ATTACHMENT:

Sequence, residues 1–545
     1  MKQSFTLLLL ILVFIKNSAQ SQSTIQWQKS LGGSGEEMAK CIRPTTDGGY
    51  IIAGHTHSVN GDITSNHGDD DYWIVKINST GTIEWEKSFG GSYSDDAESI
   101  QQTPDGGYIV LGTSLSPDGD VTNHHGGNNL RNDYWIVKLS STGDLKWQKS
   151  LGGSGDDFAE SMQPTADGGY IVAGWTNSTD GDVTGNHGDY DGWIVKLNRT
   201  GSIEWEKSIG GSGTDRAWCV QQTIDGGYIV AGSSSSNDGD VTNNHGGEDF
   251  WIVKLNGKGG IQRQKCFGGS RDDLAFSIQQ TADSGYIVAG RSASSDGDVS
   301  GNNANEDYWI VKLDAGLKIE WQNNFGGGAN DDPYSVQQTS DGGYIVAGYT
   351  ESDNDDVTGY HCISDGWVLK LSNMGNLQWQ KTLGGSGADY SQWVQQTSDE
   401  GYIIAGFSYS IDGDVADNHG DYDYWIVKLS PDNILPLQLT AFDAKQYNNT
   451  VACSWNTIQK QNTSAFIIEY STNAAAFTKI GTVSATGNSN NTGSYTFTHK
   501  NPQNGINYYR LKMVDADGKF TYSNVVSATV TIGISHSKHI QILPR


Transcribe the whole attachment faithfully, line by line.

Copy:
Sequence, residues 1–545
     1  MKQSFTLLLL ILVFIKNSAQ SQSTIQWQKS LGGSGEEMAK CIRPTTDGGY
    51  IIAGHTHSVN GDITSNHGDD DYWIVKINST GTIEWEKSFG GSYSDDAESI
   101  QQTPDGGYIV LGTSLSPDGD VTNHHGGNNL RNDYWIVKLS STGDLKWQKS
   151  LGGSGDDFAE SMQPTADGGY IVAGWTNSTD GDVTGNHGDY DGWIVKLNRT
   201  GSIEWEKSIG GSGTDRAWCV QQTIDGGYIV AGSSSSNDGD VTNNHGGEDF
   251  WIVKLNGKGG IQRQKCFGGS RDDLAFSIQQ TADSGYIVAG RSASSDGDVS
   301  GNNANEDYWI VKLDAGLKIE WQNNFGGGAN DDPYSVQQTS DGGYIVAGYT
   351  ESDNDDVTGY HCISDGWVLK LSNMGNLQWQ KTLGGSGADY SQWVQQTSDE
   401  GYIIAGFSYS IDGDVADNHG DYDYWIVKLS PDNILPLQLT AFDAKQYNNT
   451  VACSWNTIQK QNTSAFIIEY STNAAAFTKI GTVSATGNSN NTGSYTFTHK
   501  NPQNGINYYR LKMVDADGKF TYSNVVSATV TIGISHSKHI QILPR